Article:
A major finding of the current study is that the well-hemoglobinized erythroblast expresses an impressive repertoire of 4.1R isoforms, which includes 7 major and 11 minor splice variants. Although prior reports have suggested the presence of more than a single 4.1R isoform in various cells and tissues,18-21;24;46-52 the current studies provide the first definitive characterization of the array of 4.1R primary structures in a single-cell lineage. Interestingly, the predominant splicing event between the major isoforms initiated at both AUG-1 and AUG-2 involved inclusion or exclusion of exon 16. This particular exon, along with exon 17, encodes key residues for efficient interaction of 4.1R with spectrin and actin.13 In the mature erythrocyte, formation of the spectrin/actin/4.1 ternary complex is critical for normal membrane mechanical strength.14-16,53 Our current data emphasize that expression of exon 16 could also play an important functional role in erythroblasts.
Also striking was the finding that transfected protein 4.1R isoforms show a very broad distribution within the cell with localization to the plasma membrane, membrane ruffles, cytoplasm, centrosomes, and nucleus. These results confirm earlier immunofluorescent observations showing endogenous 4.1 in similar subcellular compartments.22-24,26,47,50 However, because antibodies to 4.1R can recognize more than one isoform, it has previously been impossible to track either the distribution of a single isoform or to determine the presence of more than one 4.1R isoform within the same subcellular compartment. Of great surprise to us was the observation that a single isoform can distribute to multiple sites. Indeed, the confocal microscopic analysis of 3T3 cells transfected with the KT3-epitope–tagged 4.1R80 construct showed conclusively that 4.1R80 was expressed in the nucleus, plasma membrane, and apparent centrosome. Earlier this year, Luque and colleagues reported that 4.1R80 expressed in transfected COS cells distributed in most cells within the nucleus and along a network of cytoplasmic filaments and that a smaller population of cells showed overexpression of the protein within the cytoplasm.26Although we cannot completely rule out the possibility that overexpression might have altered the pattern of localization that we observed, it is important to note that localization patterns in the plasma membrane, the nucleus, and the centrosome similar to those described here for epitope-tagged 4.1R in transfected cells have definitely been observed for endogenous protein 4.1. We speculate that diverse posttranslational modifications of the 4.1R80isoform may contribute to the differential subcellular sorting.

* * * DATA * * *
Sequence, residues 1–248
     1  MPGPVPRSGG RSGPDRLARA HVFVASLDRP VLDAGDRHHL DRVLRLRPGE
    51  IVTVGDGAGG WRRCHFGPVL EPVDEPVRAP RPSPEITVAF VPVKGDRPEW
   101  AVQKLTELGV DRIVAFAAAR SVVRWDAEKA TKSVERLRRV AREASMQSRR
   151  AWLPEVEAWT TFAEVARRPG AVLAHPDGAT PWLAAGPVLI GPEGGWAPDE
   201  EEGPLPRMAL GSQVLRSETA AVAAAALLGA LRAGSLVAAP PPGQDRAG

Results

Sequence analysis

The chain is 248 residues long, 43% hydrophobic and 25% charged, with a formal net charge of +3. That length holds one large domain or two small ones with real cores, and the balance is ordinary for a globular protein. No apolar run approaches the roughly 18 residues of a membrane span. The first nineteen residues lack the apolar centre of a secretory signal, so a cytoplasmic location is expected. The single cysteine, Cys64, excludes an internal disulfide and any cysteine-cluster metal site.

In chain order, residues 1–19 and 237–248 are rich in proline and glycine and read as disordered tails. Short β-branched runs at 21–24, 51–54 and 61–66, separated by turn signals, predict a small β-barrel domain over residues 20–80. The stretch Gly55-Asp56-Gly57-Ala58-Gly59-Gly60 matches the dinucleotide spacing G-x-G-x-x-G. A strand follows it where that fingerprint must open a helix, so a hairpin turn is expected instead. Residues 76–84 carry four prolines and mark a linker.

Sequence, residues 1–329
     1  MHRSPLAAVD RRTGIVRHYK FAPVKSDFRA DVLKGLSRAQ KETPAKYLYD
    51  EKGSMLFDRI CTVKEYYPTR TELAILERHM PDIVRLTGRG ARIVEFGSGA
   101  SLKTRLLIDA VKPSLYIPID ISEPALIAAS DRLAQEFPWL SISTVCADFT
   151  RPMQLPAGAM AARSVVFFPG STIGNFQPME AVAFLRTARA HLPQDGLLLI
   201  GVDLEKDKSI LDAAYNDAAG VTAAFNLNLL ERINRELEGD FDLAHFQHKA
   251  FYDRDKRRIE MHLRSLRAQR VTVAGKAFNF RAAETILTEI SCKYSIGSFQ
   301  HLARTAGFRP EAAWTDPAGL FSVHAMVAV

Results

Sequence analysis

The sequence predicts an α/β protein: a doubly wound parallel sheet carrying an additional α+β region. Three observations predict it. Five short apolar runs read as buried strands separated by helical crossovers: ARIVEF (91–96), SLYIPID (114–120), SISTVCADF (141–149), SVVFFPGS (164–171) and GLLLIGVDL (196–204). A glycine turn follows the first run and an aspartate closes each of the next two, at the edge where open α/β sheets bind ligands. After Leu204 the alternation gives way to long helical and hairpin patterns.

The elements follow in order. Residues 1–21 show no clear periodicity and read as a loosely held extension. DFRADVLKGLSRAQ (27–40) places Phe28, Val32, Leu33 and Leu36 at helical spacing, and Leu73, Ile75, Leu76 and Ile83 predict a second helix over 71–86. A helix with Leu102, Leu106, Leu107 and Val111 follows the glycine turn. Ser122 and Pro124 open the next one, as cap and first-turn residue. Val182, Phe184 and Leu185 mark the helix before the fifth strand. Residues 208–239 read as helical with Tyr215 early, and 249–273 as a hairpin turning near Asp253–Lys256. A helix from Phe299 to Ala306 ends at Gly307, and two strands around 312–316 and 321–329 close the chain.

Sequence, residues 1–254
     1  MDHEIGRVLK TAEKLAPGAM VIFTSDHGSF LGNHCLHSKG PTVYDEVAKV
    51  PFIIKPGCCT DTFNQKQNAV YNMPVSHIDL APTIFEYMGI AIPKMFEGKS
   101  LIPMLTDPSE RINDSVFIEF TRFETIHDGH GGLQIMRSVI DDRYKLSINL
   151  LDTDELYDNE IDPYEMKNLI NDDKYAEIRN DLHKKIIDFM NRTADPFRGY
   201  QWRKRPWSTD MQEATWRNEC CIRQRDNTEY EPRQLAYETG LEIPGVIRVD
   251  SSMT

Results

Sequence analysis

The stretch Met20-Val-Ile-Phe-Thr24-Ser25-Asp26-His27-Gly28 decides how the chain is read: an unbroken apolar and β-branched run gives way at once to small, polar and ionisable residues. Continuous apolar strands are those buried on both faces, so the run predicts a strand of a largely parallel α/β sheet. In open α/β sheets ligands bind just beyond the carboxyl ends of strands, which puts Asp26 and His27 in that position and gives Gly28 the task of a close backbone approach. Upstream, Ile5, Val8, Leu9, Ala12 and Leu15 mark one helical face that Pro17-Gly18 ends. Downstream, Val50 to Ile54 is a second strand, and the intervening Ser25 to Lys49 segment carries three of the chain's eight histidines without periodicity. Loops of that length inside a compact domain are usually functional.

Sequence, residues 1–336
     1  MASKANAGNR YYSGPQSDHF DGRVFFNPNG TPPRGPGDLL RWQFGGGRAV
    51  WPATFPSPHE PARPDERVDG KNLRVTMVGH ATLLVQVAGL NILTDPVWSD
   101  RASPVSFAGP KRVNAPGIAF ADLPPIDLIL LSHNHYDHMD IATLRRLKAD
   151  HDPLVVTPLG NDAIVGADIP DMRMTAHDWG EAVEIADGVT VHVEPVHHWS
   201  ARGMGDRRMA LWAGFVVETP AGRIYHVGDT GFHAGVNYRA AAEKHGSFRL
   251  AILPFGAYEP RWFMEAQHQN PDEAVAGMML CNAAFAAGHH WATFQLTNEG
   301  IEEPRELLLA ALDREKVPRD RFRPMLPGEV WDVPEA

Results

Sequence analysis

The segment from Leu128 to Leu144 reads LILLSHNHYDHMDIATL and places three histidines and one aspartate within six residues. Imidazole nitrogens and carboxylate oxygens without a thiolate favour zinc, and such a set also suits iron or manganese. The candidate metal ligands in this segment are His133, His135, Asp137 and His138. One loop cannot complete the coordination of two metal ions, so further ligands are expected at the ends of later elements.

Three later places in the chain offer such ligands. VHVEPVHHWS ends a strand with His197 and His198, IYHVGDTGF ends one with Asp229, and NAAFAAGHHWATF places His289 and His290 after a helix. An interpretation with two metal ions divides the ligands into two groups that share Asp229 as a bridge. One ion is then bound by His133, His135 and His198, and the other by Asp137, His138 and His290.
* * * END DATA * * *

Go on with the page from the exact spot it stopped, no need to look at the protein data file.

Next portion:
Several exons appeared to influence 4.1R localization in the nucleus. Clearly, exclusion of exon 16 resulted in a dramatic decrease in nuclear expression of the protein. This was true for the 80-kD isoform translated from AUG-2, as previously reported by Luque et al,26 but also for higher molecular weight isoforms translated from AUG-1. We conclude that a motif present in exon 16 performs a critical role in nuclear targeting, as we and others have previously suggested.26,54 Such a motif (KKKRER) has been shown to be necessary but not sufficient for nuclear targeting of 4.1R.26 In addition, we observed that nuclear expression of the AUG-1 isoform 4.1R135, containing exon 16, was lower than that of its AUG-2 counterpart, 4.1R80. These results strongly suggest that the 209 amino acid N-terminal extension has a negative impact on nuclear localization of the polypeptide. It is unlikely that this effect results solely from the increase in protein size because even larger proteins have been shown to be efficiently transported to the nucleus.55,56 A more probable explanation is that expression of the N-terminal extension produces an overall protein conformation that either masks recognition of nuclear localization sequence(s) or inhibits binding of 4.1R to a protein involved in nuclear import of polypeptides.